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"Breathprints" Unique as Fingerprints, Testable for Disease

Date:
April 4, 2013
Source:
Newsy / Powered by NewsLook.com
Summary:
A new study says the contents of a person's breath are unique and change slowly, if at all - possibly leading to new non-invasive diagnostic tools.


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last updated on 2014-04-16 at 4:22 am EDT

Atlanta's Zoo Leads Research on Ape Hearts

Atlanta's Zoo Leads Research on Ape Hearts

AP (Apr. 20, 2012) Heart disease is a leading killer of great apes in captivity. Atlanta's zoo is home to the Great Ape Heart Project, which is dedicated to understanding, diagnosing and treating heart disease in the four types of great apes.
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Stem Cell Trial Seeks Longer Lives for Victims of Deadly ALS

Stem Cell Trial Seeks Longer Lives for Victims of Deadly ALS

Reuters (Jan. 8, 2014) Researchers at Emory University in the United States are hoping to extend the lives of patients diagnosed with the deadly neuro-degenerative disease, Amyotrophic lateral sclerosis (ALS). ALS kills by destroying a patient's nervous system but in clinical trials, the scientists say injections of neural stem cells show promise in slowing the disease's progress. Ben Gruber reports.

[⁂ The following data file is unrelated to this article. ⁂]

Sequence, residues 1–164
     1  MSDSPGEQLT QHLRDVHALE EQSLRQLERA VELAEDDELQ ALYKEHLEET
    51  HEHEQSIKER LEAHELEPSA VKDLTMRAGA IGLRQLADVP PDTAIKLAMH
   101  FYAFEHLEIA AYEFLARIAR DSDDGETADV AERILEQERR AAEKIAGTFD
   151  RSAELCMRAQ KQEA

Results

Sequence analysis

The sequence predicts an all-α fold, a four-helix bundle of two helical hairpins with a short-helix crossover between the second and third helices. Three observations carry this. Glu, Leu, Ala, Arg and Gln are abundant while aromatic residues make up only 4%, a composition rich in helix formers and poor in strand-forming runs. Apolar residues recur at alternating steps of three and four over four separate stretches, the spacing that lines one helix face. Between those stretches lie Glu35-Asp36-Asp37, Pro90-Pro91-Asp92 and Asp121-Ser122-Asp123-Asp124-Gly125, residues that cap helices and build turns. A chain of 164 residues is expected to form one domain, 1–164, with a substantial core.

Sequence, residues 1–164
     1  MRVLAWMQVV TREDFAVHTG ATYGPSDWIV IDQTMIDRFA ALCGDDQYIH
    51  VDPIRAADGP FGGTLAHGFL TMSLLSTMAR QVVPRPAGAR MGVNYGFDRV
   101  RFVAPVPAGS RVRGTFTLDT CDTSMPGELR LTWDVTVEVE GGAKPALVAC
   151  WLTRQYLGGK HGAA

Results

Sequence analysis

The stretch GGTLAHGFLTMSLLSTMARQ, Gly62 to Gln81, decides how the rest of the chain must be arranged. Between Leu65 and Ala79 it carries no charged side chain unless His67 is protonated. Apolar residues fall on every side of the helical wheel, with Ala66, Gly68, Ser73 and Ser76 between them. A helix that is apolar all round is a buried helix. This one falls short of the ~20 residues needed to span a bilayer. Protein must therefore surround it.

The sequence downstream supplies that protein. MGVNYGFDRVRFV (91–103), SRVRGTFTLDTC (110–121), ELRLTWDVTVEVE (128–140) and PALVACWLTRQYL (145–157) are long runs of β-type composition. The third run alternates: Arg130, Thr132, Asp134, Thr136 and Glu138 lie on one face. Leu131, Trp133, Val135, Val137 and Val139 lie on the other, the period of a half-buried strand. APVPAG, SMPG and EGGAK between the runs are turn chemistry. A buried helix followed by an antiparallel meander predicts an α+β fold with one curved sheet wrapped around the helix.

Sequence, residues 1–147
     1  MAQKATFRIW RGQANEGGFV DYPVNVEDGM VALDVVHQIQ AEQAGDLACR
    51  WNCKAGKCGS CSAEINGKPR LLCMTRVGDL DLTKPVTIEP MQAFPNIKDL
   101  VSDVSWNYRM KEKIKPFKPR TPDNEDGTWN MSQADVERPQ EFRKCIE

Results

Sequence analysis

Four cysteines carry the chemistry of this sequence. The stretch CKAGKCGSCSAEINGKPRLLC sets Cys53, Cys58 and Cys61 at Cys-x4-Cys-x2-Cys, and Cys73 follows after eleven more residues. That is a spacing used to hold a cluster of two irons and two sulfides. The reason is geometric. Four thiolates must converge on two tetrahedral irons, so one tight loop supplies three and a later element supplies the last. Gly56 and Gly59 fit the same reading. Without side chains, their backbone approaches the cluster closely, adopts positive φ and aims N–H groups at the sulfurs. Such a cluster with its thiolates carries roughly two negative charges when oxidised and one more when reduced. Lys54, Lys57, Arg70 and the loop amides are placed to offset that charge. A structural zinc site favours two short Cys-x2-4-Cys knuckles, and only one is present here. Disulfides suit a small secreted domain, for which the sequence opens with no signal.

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Climate: Nicaragua Solar Dryers Instead of Drought

Climate: Nicaragua Solar Dryers Instead of Drought

Deutsche Welle (June 3, 2013) Nicaragua's unique weather conditions are ideal for growing coffee and cocoa beans. But climate change is threatening the weather system there - the dry periods are becoming more humid and conditions during the wet season are becoming more severe. Increasingly, crops are spoiling before they're harvested. With the help of solar dryers however, coffee, cocoa, fruit and wood can be dried within hours and made to last longer without adding chemicals. The Austrian company CONA has become the leading exporter of the component parts of these devices, which are being installed in even the remotest parts of the country.
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Red Sea Coral Reefs Uniquely Resilient, Say Israeli Researchers

Red Sea Coral Reefs Uniquely Resilient, Say Israeli Researchers

Reuters (Nov. 11, 2013) Israeli ecologists are calling for the coral reefs of Eilat to be declared a World Heritage site because of their unique ability to resist bleaching, which is killing coral reefs elsewhere in the world. The researchers say protecting them to create a global coral refuge should be an environmental priority. Jim Drury reports.
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